fifteen years from now we're going to have an astonishing number of hot young
writers in the field to whom the name "William Sleator" will be spoken with the
same affection that many of us used to reserve for "Robert Heinlein" or "Andre
His writing is clean and clear. His narrative style is honed to a find edge,
so that almost nothing is included that isn't an integral part of the story -- what
the characters do and why they do it. He explains scientific principles with
clarity and simplicity, and makes their marvels seem to be just around the corner
from the lives of contemporary teenagers.
Above all, his insight into characters is wise and truthful and
unsentimental. His good characters often do things for reasons they're ashamed
of, his antagonists are never irredeemably evil. At the end of a Sleator novel,
you know more about yourself and the world around you. You've also read a hell
of an entertaining tale.
Briefly, now, five Sleator books: Singularity is the story of twin brothers
who, during a summer tending their late uncle's home, discover that the old man
built a shed to enclose a singularity, a place where time flows much faster then
normal. The "younger" twin, feeling dominated by his stronger twin, sneaks to
the shed one night and lives a full year in complete isolation -- overnight. He
emerges the next morning inches taller and, more importantly, much wiser.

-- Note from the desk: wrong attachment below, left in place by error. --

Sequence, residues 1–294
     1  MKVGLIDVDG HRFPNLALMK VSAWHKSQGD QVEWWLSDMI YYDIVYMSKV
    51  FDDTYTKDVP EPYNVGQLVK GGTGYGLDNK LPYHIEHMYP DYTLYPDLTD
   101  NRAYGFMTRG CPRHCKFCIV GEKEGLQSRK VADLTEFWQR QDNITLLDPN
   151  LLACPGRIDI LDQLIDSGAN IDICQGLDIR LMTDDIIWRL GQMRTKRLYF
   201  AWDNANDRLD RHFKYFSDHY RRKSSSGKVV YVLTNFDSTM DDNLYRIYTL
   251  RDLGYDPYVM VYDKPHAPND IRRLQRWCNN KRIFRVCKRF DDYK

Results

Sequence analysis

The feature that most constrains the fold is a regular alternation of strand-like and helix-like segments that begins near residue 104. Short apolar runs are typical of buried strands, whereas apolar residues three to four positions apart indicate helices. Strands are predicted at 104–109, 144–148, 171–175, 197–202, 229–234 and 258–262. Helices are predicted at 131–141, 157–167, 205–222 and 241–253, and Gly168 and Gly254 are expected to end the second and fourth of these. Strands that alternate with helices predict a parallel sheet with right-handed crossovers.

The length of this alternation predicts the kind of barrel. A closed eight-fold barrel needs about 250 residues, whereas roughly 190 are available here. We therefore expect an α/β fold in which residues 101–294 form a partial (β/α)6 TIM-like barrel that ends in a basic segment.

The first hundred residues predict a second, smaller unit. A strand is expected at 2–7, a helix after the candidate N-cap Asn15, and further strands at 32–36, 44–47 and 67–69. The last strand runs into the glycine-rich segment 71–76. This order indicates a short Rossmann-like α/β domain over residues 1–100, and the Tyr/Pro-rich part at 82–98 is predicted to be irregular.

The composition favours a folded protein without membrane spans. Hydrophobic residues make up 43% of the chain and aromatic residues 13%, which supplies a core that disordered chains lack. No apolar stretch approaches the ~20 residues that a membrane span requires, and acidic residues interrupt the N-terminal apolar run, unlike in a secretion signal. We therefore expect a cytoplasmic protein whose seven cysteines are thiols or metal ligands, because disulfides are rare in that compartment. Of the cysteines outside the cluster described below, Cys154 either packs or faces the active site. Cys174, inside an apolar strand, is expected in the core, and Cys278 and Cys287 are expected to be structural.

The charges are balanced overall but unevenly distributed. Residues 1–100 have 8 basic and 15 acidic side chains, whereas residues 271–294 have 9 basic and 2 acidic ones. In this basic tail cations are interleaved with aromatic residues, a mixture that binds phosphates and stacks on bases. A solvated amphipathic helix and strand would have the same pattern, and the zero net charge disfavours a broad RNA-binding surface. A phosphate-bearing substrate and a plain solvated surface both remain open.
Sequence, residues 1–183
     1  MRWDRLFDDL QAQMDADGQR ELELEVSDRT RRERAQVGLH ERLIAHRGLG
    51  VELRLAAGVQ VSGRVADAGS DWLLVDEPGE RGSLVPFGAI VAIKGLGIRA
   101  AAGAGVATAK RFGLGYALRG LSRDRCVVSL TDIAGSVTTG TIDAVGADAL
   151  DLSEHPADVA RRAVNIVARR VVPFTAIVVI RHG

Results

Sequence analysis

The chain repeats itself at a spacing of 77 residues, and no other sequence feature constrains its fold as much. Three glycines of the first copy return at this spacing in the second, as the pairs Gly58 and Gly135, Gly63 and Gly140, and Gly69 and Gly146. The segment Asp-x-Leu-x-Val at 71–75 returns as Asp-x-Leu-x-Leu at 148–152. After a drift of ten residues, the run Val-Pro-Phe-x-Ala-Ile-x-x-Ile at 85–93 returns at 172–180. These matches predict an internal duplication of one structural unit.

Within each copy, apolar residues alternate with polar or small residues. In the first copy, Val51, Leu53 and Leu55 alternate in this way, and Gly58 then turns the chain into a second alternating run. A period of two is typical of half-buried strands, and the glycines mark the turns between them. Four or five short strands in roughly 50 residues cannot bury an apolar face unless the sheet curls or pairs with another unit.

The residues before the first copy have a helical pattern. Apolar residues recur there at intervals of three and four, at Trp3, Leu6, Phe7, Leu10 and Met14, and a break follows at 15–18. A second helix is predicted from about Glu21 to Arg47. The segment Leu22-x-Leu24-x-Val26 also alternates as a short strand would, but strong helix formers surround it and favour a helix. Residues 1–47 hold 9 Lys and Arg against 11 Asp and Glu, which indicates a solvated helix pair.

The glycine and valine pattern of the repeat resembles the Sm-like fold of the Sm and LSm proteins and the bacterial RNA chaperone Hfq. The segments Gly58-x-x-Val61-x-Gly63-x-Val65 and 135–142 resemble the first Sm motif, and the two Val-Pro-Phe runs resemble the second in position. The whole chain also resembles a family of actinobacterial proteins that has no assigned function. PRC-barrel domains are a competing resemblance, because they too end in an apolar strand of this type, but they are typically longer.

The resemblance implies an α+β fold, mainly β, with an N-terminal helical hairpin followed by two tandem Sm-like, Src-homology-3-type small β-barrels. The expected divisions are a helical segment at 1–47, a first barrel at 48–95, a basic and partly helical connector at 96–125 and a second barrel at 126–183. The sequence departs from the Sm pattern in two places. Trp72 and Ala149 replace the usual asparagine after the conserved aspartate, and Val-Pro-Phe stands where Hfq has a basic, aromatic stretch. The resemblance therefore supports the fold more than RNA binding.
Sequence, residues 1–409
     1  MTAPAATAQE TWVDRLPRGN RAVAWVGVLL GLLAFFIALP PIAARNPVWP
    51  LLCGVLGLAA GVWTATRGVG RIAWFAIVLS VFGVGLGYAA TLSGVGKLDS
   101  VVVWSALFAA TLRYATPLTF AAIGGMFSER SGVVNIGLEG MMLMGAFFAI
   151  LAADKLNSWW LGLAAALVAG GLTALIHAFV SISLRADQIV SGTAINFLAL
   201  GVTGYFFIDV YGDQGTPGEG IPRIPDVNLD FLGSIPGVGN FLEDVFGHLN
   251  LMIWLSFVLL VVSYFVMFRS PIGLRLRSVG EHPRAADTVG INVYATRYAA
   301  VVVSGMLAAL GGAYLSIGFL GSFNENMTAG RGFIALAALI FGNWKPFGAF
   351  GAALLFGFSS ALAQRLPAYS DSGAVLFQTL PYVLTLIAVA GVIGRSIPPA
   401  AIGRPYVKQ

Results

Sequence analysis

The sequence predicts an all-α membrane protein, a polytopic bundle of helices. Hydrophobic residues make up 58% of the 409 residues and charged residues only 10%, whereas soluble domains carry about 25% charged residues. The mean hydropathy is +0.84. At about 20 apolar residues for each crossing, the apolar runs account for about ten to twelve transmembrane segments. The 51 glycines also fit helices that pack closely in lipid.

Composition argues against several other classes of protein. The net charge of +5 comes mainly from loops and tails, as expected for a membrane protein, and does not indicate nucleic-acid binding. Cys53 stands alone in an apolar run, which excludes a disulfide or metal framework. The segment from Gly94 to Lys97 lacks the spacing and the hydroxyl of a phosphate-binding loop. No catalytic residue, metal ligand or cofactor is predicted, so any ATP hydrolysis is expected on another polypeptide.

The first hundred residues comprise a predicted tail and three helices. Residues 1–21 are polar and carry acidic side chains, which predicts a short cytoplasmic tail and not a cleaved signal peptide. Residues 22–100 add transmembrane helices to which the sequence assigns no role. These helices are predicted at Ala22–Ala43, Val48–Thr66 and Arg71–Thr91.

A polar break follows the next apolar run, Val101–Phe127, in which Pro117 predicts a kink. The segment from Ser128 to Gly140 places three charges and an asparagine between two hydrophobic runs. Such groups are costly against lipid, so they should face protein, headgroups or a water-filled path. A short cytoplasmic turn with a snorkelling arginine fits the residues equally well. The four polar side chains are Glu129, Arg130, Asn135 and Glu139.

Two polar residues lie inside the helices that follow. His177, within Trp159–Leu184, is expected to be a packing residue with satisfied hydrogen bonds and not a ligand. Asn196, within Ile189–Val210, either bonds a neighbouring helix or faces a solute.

What makes this novel a masterpiece is the fact that Sleator doesn't gloss over
the year of isolation -- we experience it with the narrator, so that we pass
through his transformation with him. I can't recommend this novel highly
enough -- it's on my list of best all-time works of science fiction.
Into the Dream, an earlier work, is the tale of a boy and a girl who, though
they dislike each other at school, are drawn together by the fact that they both
have the same dream. To their astonishment, they discover that the dream is a
memory, and that the urgent sense of danger that accompanies it is coming from
still another character who was present at the scene -- one whose memories are
all in black and white. Into the Dream turns into a thriller of sorts; it also shows
the "heros" serving, finally, a subordinate role as they help a still younger
character discover his own potential.
In The Boy Who Reversed Himself, the narrator is an exploitative, selfish
kid in high school who gradually learns about real friendship and commitment